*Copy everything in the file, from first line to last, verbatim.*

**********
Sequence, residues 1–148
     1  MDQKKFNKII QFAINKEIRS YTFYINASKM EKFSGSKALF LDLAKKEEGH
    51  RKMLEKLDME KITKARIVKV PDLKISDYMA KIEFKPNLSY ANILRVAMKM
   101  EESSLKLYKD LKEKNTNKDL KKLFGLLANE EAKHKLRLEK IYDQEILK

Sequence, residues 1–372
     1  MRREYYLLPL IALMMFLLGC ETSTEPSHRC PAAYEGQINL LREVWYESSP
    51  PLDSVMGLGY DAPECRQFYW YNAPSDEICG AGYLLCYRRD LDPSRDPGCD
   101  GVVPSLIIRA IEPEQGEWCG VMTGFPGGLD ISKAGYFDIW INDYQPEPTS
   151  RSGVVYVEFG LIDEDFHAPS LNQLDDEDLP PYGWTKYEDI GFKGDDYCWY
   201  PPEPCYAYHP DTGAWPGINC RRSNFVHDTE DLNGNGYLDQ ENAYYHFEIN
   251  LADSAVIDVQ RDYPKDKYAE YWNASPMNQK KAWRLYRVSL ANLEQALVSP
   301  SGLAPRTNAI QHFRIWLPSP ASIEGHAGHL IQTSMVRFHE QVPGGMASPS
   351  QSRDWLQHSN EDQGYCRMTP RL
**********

Sequence, residues 1–148
     1  MDQKKFNKII QFAINKEIRS YTFYINASKM EKFSGSKALF LDLAKKEEGH
    51  RKMLEKLDME KITKARIVKV PDLKISDYMA KIEFKPNLSY ANILRVAMKM
   101  EESSLKLYKD LKEKNTNKDL KKLFGLLANE EAKHKLRLEK IYDQEILK

Sequence, residues 1–372
     1  MRREYYLLPL IALMMFLLGC ETSTEPSHRC PAAYEGQINL LREVWYESSP
    51  PLDSVMGLGY DAPECRQFYW YNAPSDEICG AGYLLCYRRD LDPSRDPGCD
   101  GVVPSLIIRA IEPEQGEWCG VMTGFPGGLD ISKAGYFDIW INDYQPEPTS
   151  RSGVVYVEFG LIDEDFHAPS LNQLDDEDLP PYGWTKYEDI GFKGDDYCWY
   201  PPEPCYAYHP DTGAWPGINC RRSNFVHDTE DLNGNGYLDQ ENAYYHFEIN
   251  LADSAVIDVQ RDYPKDKYAE YWNASPMNQK KAWRLYRVSL ANLEQALVSP
   301  SGLAPRTNAI QHFRIWLPSP ASIEGHAGHL IQTSMVRFHE QVPGGMASPS
   351  QSRDWLQHSN EDQGYCRMTP RL